Majority of assistant Iowa football coaches receive raises despite athletic department pay cuts

Iowa is paying out $5.27 million in base salaries to assistant coaches this fiscal year, an increase of $575,000 compared to last year.

Iowa+quarterback+Nate+Stanley+talks+with+offensive+coordinator+Brian+Ferentz+during+Iowa%27s+game+against+Northern+Illinois+at+Kinnick+Stadium+on+Saturday%2C+Sept.+1%2C+2018.+The+Hawkeyes+defeated+the+Huskies+33-7.

Nick Rohlman

Iowa quarterback Nate Stanley talks with offensive coordinator Brian Ferentz during Iowa's game against Northern Illinois at Kinnick Stadium on Saturday, Sept. 1, 2018. The Hawkeyes defeated the Huskies 33-7.

Robert Read, Pregame Editor


Iowa’s assistant football coaches have received their annual pay raises, and despite pay cuts around the athletic department because of financial shortfalls caused by COVID-19, many of them will make more this year than they did a year ago.

As first reported by the Des Moines Register, Iowa is paying out $5.27 million in base salaries to its assistant football coaches this fiscal year, an increase of $575,000 compared to last year. That base figure does not account for the $1.1 million given to former strength and conditioning coach Chris Doyle, who reached a separation agreement with the University of Iowa on June 15 after several former players accused him of racism and mistreatment.

Iowa’s 10 on-field assistant coaches all received raises ranging from $40,000 to $90,000. Factoring in a previously announced pay reduction, those coaches will give up $527,000 of their salaries due to the athletic department’s financial situation.

Interim football strength and conditioning coach Raimond Braithwaite is being paid a salary of $310,000, less than the $800,000 Doyle received last year as the highest-paid strength coach in college football.

Defensive coordinator Phil Parker received a $90,000 raise, increasing his salary to $890,000. Head coach Kirk Ferentz’s son and Iowa offensive coordinator Brian Ferentz saw a pay bump of $75,000, increasing his salary to $860,000.

The pay raises are usual for Iowa, but his year has been anything but usual. The Big Ten announced Aug. 11 that all fall sports in the conference were postponed because of ongoing concerns with the COVID-19 pandemic. Leading up to that decision, on June 30, Iowa athletic director Gary Barta announced approximately $15 million in athletic department reductions for the 2021 fiscal year. At the time, that plan assumed full football and men’s basketball seasons would be played with fans in attendance. Included in that were 10 percent salary cuts for any athletic department employees earning $200,000 or more.

Iowa’s top-earning head coaches Lisa Bluder, Tom Brands, Kirk Ferentz, and Fran McCaffery all voluntarily agreed to a one-year, 15-percent base salary reduction or contribution back to the athletic department. Deputy Athletics Director Barbara Burke agreed to a 25-percent salary reduction, while Barta reduced his total compensation package by more than 30 percent.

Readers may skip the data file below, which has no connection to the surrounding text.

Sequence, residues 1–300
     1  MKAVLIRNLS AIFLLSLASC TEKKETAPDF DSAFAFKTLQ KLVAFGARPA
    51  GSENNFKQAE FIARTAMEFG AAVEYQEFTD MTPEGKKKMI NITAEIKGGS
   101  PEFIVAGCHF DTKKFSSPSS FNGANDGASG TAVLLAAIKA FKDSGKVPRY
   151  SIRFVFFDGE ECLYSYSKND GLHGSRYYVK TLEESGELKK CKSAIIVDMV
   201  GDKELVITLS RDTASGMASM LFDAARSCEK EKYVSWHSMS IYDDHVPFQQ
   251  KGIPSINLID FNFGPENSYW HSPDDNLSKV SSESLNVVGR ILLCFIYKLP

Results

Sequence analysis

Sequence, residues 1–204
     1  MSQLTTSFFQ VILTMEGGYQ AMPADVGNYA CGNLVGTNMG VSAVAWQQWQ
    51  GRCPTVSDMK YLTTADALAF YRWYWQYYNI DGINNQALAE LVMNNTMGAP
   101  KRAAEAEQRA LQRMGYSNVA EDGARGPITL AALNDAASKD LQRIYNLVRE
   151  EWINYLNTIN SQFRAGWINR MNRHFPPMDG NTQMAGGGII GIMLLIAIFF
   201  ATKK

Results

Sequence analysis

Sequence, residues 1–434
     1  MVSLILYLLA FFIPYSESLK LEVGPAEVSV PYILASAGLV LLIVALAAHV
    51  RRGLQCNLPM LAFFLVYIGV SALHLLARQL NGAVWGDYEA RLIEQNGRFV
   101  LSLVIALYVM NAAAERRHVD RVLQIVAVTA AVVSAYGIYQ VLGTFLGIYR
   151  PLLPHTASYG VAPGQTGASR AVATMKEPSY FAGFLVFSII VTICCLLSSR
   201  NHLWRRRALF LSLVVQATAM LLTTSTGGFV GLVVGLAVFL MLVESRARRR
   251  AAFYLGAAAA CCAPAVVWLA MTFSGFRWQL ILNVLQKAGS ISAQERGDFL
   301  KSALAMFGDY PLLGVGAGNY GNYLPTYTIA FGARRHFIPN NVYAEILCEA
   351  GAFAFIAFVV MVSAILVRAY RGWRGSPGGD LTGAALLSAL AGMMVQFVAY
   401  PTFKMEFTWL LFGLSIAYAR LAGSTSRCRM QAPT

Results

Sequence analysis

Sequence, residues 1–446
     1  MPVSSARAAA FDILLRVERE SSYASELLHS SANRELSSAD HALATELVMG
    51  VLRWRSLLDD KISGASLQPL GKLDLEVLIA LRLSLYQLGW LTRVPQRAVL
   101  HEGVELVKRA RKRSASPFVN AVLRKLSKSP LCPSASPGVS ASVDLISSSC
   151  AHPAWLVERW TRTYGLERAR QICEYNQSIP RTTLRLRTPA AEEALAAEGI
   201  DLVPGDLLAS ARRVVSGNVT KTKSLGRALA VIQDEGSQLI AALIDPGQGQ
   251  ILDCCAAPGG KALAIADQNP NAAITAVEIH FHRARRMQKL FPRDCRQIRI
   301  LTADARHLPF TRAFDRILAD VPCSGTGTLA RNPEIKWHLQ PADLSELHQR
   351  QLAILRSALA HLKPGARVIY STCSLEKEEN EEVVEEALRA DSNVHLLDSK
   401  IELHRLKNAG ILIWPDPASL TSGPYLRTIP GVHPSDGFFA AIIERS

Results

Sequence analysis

Ferentz made $4.8 million in 2019.

After the Big Ten’s decision to postpone, Barta announced that Iowa was anticipating $100 million in lost revenue and would be facing a deficit of $60-75 million.

On Aug. 21, Barta and UI President Bruce Harreld announced in an open letter that Iowa would discontinue four sports at the end of the 2020-21 fiscal year — men’s and women’s swimming and diving and men’s tennis and gymnastics — because of financial shortfalls.

“We carefully and thoroughly reviewed all financial options and each of our programs individually. We considered, in part, sponsorship at the NCAA Division I level, impact on gender equity and Title IX compliance, expense savings, history of the sport at Iowa, engagement level, and other factors,” the letter states. “With the recent postponement of fall sports and immediate financial impact due to this decision, we believe this path is necessary to strengthen athletics and position our programs for future success with the resources we have.”

Barta said on a video conference Aug. 24 that cutting these sports will save the department “north of $5 million” a year. The athletic department is working toward securing a $75 million loan, Barta said, though the cuts to the four sports are final.

All 10 of Iowa’s on-field assistant football coaches will still receive a raise despite the department’s pay reductions.

Their base salaries are listed, alphabetically, below, as first reported by the Register.

Kelvin Bell, defensive line

FY2020 salary: $375,000

FY2021 salary: $425,000

Raise: $50,000

Kelton Copeland, wide receivers

FY2020 salary: $300,000

FY 2021 salary: $340,000

Raise: $40,000

Brian Ferentz, offensive coordinator/tight ends

FY2020 salary: $785,000

FY2021 salary: $860,000

Raise: $75,000

Derrick Foster, running backs/offensive recruiting coordinator

FY2020 salary: $250,000

FY2021 salary: $290,000

Raise: $40,000

Jay Niemann, assistant defensive line/defensive recruiting coordinator

FY2020 salary: $290,000

FY2021 salary: $340,000

Raise: $50,000

Ken O’Keefe, quarterbacks

FY2020 salary: $625,000

FY2021 salary: $685,000

Raise: $60,000

Phil Parker, defensive coordinator/defensive backs

FY2020 salary: $800,000

FY2021 salary: $890,000

Raise: $90,000

Tim Polasek, offensive line

FY2020 salary: $390,000

FY2021 salary: $440,000

Raise: $50,000

Seth Wallace, linebackers/assistant defensive coordinator

FY2020 salary: $500,000

FY2021 salary: $560,000

Raise: $60,000

LeVar Woods, special teams coordinator

FY2020 salary: $385,000

FY2021 salary: $440,000

Raise: $55,000

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